Graphic Society, 1962.

Richardson, John. A Life of Picasso: Volume 1 1881-1906. New York: Random House,

Internet Sources

Mood of a Painting <;

Picasso: The Early Years, 1892-1906 <;

Pablo Picasso (1881-1973)<;

Revealing Picasso

Back to 2004 Contents – Next

Picasso was a short little fella, 5’4″, with a remarkable and unimaginably long name–even for the Spanish–you know–they want all their Saints covered to protect the young `ins!!

We will now close up today with a useful quickie biography with all our thanks to IMD mini-bios, citation to follow below: 

2.PabloPicasso-Le-Moulin-de-la-Galette-1900Le Moulin de la Galette 1900


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Date of Birth

25 October 1881Málaga, Andalucía, Spain

Date of Death

8 April 1973, Mougins, Alpes-Maritimes, France (lung and heart failure)

Birth Name

Pablo Diego Jose Francisco de Paula Juan Nepomuceno Crispin Crispiniano de la Sentissima Trinidad Ruiz Blasco Picasso y Lopez


5′ 4″ (1.63 m)

Mini Biography

Pablo Picasso, one of the most recognized figures of the 20th century art who co-created such styles as Cubism and Surrealism, was also among most innovative, influential, and prolific artists of all time.

He was born Pablo Ruiz Picasso on October 6, 1881, in Malaga, Spain. He was the first child of Jose Ruiz y Blasco and Maria Picasso y Lopez. His father was an artist and professor of art at the School of Fine Arts, and also a curator of museum in Malaga, Spain. Picasso began studying art under his father’s tutelage, continued at the Academy of Arts in Madrid for a year, and went on his ingenious explorations of the new horizons. He went to Paris in 1901 and found the environment conducive for his experiments with new art styles. Gertrude SteinGuillaume Apollinaire, and André Breton were among his friends and collectors.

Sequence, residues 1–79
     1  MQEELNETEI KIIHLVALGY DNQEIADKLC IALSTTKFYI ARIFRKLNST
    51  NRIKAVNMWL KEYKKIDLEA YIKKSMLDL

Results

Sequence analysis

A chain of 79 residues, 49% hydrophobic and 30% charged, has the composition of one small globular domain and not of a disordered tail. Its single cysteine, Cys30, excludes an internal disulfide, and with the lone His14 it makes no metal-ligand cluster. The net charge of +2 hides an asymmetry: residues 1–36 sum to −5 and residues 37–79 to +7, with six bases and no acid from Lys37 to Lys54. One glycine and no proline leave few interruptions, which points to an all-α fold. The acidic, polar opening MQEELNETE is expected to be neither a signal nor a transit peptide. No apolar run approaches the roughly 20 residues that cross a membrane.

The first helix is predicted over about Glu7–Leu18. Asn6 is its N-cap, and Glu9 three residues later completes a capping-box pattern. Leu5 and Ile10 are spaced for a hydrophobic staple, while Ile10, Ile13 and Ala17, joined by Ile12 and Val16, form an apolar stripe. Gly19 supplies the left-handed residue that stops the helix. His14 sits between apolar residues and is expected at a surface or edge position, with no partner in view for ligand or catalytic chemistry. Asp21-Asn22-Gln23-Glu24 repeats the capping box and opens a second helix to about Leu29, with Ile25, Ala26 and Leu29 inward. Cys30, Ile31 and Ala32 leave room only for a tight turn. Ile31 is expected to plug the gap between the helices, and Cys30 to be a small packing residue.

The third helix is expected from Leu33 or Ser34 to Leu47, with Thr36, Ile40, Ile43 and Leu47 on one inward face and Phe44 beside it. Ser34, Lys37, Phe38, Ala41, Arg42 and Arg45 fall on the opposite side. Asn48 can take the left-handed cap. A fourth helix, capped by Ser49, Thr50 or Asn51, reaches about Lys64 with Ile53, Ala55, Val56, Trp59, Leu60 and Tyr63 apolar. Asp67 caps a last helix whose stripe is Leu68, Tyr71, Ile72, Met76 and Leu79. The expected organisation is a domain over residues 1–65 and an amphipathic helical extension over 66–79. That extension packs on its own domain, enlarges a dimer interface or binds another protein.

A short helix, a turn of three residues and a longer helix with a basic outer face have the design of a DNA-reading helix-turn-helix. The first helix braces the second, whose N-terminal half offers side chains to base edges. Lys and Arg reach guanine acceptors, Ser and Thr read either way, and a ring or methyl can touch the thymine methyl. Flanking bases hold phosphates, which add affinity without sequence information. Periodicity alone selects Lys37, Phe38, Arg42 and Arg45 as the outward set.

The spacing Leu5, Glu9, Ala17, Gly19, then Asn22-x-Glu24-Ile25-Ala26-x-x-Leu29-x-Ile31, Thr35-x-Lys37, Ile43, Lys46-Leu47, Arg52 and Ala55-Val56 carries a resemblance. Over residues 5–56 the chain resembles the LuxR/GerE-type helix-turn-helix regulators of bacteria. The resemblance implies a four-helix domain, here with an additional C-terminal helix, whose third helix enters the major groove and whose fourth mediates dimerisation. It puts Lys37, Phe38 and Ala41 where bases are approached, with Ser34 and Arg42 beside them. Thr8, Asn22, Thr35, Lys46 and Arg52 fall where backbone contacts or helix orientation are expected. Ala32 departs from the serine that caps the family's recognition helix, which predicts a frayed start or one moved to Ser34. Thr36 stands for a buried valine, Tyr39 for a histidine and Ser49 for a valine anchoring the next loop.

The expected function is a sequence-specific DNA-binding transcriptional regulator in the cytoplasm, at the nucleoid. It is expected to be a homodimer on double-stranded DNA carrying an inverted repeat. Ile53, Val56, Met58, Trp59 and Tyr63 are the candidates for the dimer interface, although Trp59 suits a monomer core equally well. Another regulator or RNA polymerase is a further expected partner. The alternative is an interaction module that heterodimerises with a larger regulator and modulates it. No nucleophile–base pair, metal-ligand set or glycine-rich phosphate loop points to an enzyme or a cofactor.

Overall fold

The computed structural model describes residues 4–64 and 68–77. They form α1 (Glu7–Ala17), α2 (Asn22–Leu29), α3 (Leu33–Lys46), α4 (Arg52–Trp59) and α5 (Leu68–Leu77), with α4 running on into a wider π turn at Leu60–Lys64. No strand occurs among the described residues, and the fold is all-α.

Constantly updating his style from the Blue Period, to the Rose Period, to the African-influenced Period, to Cubism, to Realism and Surrealism he was a pioneer with a hand in every art movement of the 20th century. He made some softer and neo-classic artworks during his cooperation with the Russian Ballet of Sergei Diaghilev in Paris. In 1917 Picasso joined the Russian Ballet on tour in Rome, Italy. There he fell in love with Olga Khokhlova, a classical ballerina from the Russian nobility (her father was a General to the Russian Tsar Nickolas II). Picasso painted Olga as a Spanish girl in his painting “Olga Khokhlova in Mantilla” to convince his parents for their blessing, and his idea worked. Picasso and Olga Khokhlova wed in Paris, in 1918, and had one son, Paolo. After their marriage, Olga’s high society lifestyle clashed with Picasso’s bohemian manners. They separated in 1935, but remained officially married until her death in 1954. Meanwhile, his most famous lovers, Marie Therese Walter and Dora Maar, were also his inspirational models for a series of experimental portraits.


Two Women Running on the Beach~~~The Race 1922

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Picasso was a pacifist. His outcry for peace was expressed in large-scale painting Guernica (1937), created after the German bombing of this Spanish city. This powerful composition, showing the brutal inhumanity of war, became his most famous work and turned him into a political celebrity. In 1940 Picasso applied for French citizenship, but was denied it, and remained Spanish. Protected by his fame, he was untouchable even to the Nazis in the occupied Paris. A skillful self-promoter, he used politics, eccentricity, and provocation as a selling tool. Sarcastic harlequin and dominating minotaur were his personal symbols, frequently used in his artworks. His life turned into a PR campaign, playing with scandals; viciousness to his own children, exaggerated virility and beastly treatment of his women. However, he was forgiven by the public. Even his membership in the Communist party and his controversial comments about Joseph Stalin, who awarded Picasso the Stalin Prize for Peace in 1950, were ignored by his admirers. His life-long extraordinary artistic dialogue with Henri Matisse took a form of a “visual conversation” and exchange of their paintings with mutual respect. After WWII he returned to “classical” style and created the “Dove of Peace”.